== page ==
Still in Bed

The process of forgetting Iraq has taken—and will continue to take—a great deal of effort and organization, since what is being forgotten involves a decade of mass violence and war crimes as experienced by millions of Iraqis and tens of thousands of Americans and others. A mere memory lapse could not perform this task, nor would a simple dose of repression. This kind of collective event involves a special kind of forgetting. Which is to say, it entails active forms of remembrance. To overwrite our memory, we need to supplant it with other images and stories. Vivid stories. Stories full of detail, adventure and heartbreak. Stories of life on the edge, stories about mortality and camaraderie. Stories so good that they override and outweigh lived experience and knowable facts. To forget is a profoundly creative process. Artistic, even. (Read more)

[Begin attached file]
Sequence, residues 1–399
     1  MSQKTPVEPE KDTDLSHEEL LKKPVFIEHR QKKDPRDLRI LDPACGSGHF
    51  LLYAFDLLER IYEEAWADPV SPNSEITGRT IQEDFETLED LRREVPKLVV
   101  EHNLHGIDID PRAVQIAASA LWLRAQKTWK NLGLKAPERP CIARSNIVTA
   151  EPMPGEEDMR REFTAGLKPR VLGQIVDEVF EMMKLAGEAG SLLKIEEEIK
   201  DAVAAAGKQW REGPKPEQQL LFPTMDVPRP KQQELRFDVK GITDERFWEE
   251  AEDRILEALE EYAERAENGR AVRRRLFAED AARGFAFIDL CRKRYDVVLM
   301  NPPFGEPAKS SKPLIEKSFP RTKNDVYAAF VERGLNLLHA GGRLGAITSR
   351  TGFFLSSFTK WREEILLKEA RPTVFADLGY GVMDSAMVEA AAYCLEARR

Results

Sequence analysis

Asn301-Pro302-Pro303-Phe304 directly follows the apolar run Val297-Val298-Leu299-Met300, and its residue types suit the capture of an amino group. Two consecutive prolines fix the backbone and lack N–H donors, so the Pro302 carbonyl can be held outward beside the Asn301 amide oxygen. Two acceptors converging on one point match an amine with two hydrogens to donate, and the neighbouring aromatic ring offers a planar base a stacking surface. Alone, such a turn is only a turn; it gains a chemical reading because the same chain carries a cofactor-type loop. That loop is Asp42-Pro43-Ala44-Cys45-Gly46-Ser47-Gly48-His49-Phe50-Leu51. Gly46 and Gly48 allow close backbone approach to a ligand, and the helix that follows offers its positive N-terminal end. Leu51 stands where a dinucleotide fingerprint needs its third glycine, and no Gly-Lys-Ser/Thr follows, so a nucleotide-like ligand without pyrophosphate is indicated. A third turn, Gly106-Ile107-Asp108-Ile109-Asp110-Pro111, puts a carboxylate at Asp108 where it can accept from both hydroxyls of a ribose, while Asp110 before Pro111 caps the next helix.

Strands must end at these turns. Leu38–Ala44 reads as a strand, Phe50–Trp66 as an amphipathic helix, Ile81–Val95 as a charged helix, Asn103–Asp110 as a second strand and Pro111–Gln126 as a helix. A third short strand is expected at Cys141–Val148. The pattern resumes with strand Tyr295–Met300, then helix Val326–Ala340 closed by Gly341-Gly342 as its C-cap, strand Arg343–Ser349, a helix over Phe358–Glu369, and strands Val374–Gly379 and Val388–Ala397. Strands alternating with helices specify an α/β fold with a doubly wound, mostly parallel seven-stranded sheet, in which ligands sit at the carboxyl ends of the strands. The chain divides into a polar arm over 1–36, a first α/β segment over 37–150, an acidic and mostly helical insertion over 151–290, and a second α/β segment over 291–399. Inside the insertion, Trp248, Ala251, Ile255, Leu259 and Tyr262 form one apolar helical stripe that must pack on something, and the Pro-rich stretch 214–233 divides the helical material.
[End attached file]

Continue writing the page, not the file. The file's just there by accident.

Reporters surround Secretary of Defense Donald H. Rumsfeld as he holds a press conference while in flight to Kuwait on Dec. 6, 2004. [Source: Department of Defense via Wikimedia]

Reporters surround Secretary of Defense Donald H. Rumsfeld as he holds a press conference while in flight to Kuwait on Dec. 6, 2004. [Source: Department of Defense via Wikimedia]